How Evergrande could turn into China’s Lehman Brothers
At the end of June, Evergrande had nearly 2 trillion Yuan (USD309 billion) of debt on its books. It is on the verge of debt restructuring or even bankruptcy, many institutions believe. A bankruptcy would amount to a financial tsunami, or as some analysts put it, “Chinas Lehman Brothers”. The American investment banks 2008 collapse triggered a global financial crisis.
China's Evergrande is probably 'too big to fail': Market strategist
The thought of a Lehman Brothers-esque collapse in China sent U.S. investors running for the exits Monday. The Dow Jones Industrial Average (^DJI) sank 614 points, while the S&P 500 (^GSPC) fell 75 points and the Nasdaq Composite (^IXIC) plunged 330 points. It was the market’s worst one day slide in months and shattered an extended stretch of calm for stocks. The S&P 500 hadn’t fallen more than 1% since mid-August. Investors were rattled by news…
EXPLAINED: The Evergrande Crisis And What It Means For Markets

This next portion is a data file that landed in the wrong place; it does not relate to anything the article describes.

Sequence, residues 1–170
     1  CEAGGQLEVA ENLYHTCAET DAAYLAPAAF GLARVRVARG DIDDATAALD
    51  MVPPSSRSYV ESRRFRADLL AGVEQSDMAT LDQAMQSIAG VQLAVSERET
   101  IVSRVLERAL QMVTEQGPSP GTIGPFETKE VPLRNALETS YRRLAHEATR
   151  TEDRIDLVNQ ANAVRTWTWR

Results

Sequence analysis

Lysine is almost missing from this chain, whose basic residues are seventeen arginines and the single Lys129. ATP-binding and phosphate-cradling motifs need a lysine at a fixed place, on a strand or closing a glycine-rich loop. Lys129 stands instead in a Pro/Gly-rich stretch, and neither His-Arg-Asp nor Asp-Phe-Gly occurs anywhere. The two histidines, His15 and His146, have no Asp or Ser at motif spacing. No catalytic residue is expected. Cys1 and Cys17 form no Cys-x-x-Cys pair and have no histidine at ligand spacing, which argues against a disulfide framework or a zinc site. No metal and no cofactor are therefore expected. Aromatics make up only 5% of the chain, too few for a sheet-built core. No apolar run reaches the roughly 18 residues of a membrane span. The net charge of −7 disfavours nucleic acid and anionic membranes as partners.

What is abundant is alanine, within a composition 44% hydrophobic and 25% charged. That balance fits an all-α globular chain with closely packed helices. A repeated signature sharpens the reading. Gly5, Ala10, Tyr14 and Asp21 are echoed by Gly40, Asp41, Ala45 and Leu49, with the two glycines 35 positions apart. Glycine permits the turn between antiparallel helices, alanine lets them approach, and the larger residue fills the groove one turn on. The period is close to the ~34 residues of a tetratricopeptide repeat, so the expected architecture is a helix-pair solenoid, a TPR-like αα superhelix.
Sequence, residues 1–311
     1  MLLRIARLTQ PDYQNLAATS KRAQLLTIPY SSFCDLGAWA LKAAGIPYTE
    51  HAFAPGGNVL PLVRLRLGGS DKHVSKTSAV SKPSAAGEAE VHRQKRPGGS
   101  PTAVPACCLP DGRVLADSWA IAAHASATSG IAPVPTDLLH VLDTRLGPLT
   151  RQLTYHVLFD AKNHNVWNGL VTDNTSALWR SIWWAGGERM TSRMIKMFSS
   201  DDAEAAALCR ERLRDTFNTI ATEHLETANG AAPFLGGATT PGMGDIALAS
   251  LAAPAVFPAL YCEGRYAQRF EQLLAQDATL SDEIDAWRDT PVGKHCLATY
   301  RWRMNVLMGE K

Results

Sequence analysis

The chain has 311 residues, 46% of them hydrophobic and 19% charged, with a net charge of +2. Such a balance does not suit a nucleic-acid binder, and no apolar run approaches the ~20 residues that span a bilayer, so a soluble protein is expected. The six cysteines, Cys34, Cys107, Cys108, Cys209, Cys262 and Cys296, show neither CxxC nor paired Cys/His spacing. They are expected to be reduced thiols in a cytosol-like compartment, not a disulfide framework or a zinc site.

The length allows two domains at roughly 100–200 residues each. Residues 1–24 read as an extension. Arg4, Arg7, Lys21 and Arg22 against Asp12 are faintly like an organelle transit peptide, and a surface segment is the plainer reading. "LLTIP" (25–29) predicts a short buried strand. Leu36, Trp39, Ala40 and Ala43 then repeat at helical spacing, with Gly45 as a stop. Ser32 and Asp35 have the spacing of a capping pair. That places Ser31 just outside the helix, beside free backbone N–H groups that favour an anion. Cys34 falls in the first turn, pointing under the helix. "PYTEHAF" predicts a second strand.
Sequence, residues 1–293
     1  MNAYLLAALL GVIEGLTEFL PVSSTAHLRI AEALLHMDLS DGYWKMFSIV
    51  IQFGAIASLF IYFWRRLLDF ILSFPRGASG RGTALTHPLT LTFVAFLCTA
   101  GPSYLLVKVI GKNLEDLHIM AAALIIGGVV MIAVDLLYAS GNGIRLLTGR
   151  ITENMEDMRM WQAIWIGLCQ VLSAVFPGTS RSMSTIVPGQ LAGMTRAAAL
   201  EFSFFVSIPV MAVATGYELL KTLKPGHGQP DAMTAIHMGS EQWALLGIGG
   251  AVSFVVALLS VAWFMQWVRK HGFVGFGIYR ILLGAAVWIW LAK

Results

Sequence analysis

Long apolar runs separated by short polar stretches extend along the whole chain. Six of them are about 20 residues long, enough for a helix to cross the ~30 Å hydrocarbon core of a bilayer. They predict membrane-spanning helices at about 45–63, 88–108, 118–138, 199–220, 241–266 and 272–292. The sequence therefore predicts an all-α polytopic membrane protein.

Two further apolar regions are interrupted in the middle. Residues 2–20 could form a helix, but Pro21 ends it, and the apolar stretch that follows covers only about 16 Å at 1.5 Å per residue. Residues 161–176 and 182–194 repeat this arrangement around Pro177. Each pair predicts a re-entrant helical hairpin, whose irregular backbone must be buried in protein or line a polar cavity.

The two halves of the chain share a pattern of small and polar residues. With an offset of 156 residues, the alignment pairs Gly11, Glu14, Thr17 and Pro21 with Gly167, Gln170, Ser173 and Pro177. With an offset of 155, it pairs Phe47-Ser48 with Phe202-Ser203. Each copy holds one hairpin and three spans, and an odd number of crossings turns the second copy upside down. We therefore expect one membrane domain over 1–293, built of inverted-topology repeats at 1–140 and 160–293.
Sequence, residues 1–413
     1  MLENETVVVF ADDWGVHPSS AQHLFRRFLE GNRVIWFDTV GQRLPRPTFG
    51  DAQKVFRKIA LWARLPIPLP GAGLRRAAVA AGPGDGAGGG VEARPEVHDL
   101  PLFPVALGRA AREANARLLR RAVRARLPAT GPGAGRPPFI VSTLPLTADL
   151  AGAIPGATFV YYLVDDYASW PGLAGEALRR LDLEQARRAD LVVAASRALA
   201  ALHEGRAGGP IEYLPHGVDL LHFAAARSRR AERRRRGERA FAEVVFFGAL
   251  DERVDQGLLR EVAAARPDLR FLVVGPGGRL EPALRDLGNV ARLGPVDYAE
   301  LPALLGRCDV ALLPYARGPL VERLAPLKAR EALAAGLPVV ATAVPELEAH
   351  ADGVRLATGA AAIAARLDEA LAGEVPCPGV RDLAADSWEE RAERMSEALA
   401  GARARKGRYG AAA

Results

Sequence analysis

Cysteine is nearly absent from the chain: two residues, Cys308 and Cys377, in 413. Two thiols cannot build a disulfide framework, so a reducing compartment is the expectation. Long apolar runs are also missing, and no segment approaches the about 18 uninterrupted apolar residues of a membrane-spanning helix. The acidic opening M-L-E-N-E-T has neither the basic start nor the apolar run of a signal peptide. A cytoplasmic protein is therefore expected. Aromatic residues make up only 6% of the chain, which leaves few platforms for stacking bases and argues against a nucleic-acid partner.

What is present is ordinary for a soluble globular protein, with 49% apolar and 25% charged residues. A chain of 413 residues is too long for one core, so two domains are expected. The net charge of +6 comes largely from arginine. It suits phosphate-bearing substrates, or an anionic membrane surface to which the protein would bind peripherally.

Troubles at one of China's biggest real estate companies has triggered speculation whether it could be the 'Lehman Brothers moment' for the world's second biggest economy, drawing parallels with the collapse of the US bank in 2008 amid the bursting of the housing bubble that sparked a global financial crisis.
‘China’s Lehman Brothers moment’: Evergrande crisis rattles economy
President Xi Jinping faces serious test of his financial reforms as struggles of property giant send ripples through real-estate sectorThe crisis engulfing Evergrande, China’s second-biggest property company, is the greatest test yet of President Xi Jinping’s effort to reform the debt-ridden behemoths of the Chinese economy. It could also be the most significant test that China’s financial system has faced in many years.As angry protesters occup…
Crunch Time For Evergrande, But No 'Lehman Moment'
With the future of Evergrande hanging in the balance, global markets have plunged on fears that one of China's biggest developers could collapse and cause a contagion throughout the world's number two economy and beyond. Talk of a "Lehman moment" has rung loud this week as worried investors try to ascertain whether the crisis could be a replay of the bankruptcy of Wall Street titan Lehman Brothers during the 2008 global financial crisis.